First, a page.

In the world of sailing, many events can capsize your boat, such as the uneven distribution of cargo/crew, leaks, and inclement weather. Therefore, a successful voyage is determined before a ship even leaves port and by being highly adaptive in turbulent tides. Effective crew members know their role and provide open communication when issues arise. So what’s stopping you from creating this same stability on your own teams?
Here are three essential components needed to create stability across your teams.
1. Establish what each role is accountable for
Instability arises when there is misunderstanding related to both tasks and outcomes. Whenever a team is being formed, everyone on the team must understand what is expected of them and the outcomes they are accountable for. A crew member in charge of raising and lowering the sail is not the one in charge of looking at the compass. A helmsman must steer the boat and a captain manages the operation. Once this role clarity is established, then the leader can specify, in a tangible manner, ways to ensure each task is completed to the highest level of quality. When teams are experiencing turbulent times, leaders should re-evaluate and re-discuss whether these tasks need to be re-distributed based on their new climate.
A key distinction worth mentioning is that stability isn’t created by telling someone how to do their job. Instead, it is created by outlining the goals they are expected to achieve and the outcomes they are accountable for. While enforcing quality outcomes is a top priority for managers, each team member likely has a different set of strengths and approaches for how they achieve these outcomes. Therefore, as a leader, being receptive to behavioral differences can create greater fulfillment for each member and provide a more diverse set of strengths across the team as a whole. Of course, if you do spot any ineffective approaches, work to improve those appropriately.
2. Create team norms
One of the amazing outcomes of creating stability is the resulting “unspoken rules” that everyone follows. In theatre, a common communication practice amongst stage managers and crew is to say “thank you ____” followed by repeating whatever direction was given. For example, if a stage manager says there are 5 minutes left until showtime, a crew member will respond with “thank you five” to tell the manager they have been heard. However, continuous production serves as an acknowledgment of any stage direction given and will commonly be used for things other than timing cues. These subtle cues can be integrated into any team to increase comradery and ultimately engrain new practices within the team. Here, the idea is to use small actions to greatly increase the comfort of the team, and in turn, increase team effectiveness and stability. In a work environment, a custom norm could be to share a fun activity someone did over the weekend before starting a meeting, engaging in meditation before a collaboration session, or setting intentions before a critical meeting. Any action that can become a sustainable practice that benefits the team can become a beneficial norm.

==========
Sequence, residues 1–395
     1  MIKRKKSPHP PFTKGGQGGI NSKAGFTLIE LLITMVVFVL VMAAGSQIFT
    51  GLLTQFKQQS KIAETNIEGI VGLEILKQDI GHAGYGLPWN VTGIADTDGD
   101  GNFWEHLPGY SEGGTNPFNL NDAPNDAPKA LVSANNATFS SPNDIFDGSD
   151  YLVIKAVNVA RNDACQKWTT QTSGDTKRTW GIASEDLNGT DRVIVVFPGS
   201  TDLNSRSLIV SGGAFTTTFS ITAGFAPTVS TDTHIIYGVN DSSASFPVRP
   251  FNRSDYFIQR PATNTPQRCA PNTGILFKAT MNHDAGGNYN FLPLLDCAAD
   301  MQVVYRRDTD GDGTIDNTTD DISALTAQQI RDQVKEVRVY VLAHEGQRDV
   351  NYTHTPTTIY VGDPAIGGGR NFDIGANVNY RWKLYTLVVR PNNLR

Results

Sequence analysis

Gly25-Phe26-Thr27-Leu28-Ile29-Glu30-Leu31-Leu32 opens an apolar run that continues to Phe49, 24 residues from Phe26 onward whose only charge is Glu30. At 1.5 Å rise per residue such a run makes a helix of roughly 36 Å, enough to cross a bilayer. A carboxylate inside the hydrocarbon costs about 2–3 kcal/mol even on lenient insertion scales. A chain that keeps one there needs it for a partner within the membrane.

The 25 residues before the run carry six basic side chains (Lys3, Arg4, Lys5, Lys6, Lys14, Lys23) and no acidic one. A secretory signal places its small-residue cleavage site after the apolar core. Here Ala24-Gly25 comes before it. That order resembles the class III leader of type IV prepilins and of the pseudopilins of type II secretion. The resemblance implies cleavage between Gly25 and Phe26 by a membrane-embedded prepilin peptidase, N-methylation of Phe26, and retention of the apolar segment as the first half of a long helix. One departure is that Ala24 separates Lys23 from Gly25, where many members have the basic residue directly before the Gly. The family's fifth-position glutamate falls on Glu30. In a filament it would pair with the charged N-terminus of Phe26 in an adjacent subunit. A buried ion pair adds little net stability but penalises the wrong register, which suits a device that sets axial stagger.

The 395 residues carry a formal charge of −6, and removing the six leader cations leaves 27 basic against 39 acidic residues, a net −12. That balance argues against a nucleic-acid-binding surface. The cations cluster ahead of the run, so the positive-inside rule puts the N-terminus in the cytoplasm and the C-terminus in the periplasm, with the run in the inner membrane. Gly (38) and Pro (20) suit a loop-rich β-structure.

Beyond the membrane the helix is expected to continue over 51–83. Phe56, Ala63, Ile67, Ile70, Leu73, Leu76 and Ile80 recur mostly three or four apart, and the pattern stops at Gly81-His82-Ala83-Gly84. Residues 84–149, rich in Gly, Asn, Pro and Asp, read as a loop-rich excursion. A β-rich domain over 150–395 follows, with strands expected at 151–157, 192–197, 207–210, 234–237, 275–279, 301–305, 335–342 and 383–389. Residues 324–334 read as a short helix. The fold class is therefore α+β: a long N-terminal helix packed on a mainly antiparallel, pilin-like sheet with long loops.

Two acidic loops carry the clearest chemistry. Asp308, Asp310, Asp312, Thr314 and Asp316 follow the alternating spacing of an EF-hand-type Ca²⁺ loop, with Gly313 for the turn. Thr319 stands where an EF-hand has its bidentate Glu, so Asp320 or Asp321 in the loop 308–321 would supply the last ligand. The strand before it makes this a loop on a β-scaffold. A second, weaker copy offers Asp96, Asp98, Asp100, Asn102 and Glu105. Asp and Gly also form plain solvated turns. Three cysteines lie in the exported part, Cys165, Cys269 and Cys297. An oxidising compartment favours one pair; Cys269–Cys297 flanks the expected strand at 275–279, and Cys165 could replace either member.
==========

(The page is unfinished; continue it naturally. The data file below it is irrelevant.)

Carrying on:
3. Be vulnerable
Demonstrating vulnerability is very important to building trust and psychological safety across teams. Being honest about issues and challenges is a great way to practice being vulnerable. And while there are a lot of issues that come up within the work environment, it is critical to also share issues outside of work that affects job performance. Creating this space for team members to share what is on their minds can also translate into a greater sharing of their challenges inside of work, and permit them to feel more comfortable admitting to their mistakes as well.
When individuals openly share their concerns, ideas, and perspectives within their team, the levels of self-awareness and social awareness rise. With the right tools and skills, leaders can work to increase the team’s self-management and relationship management as well. In turn, overall levels of emotional intelligence will increase, leading to a more stable, collaborative team.
How can Birkman help?
As we continue to work in unprecedented times, give your team the tools needed to not only complete the job but become a higher performing team through Birkman’s High-Performing Teams workshop. In this course, learn how to create alignment by establishing Purpose, creating Clarity, and demonstrating Psychological Safety. Learn more about how Birkman can empower your teams here: www.birkman.com/hpt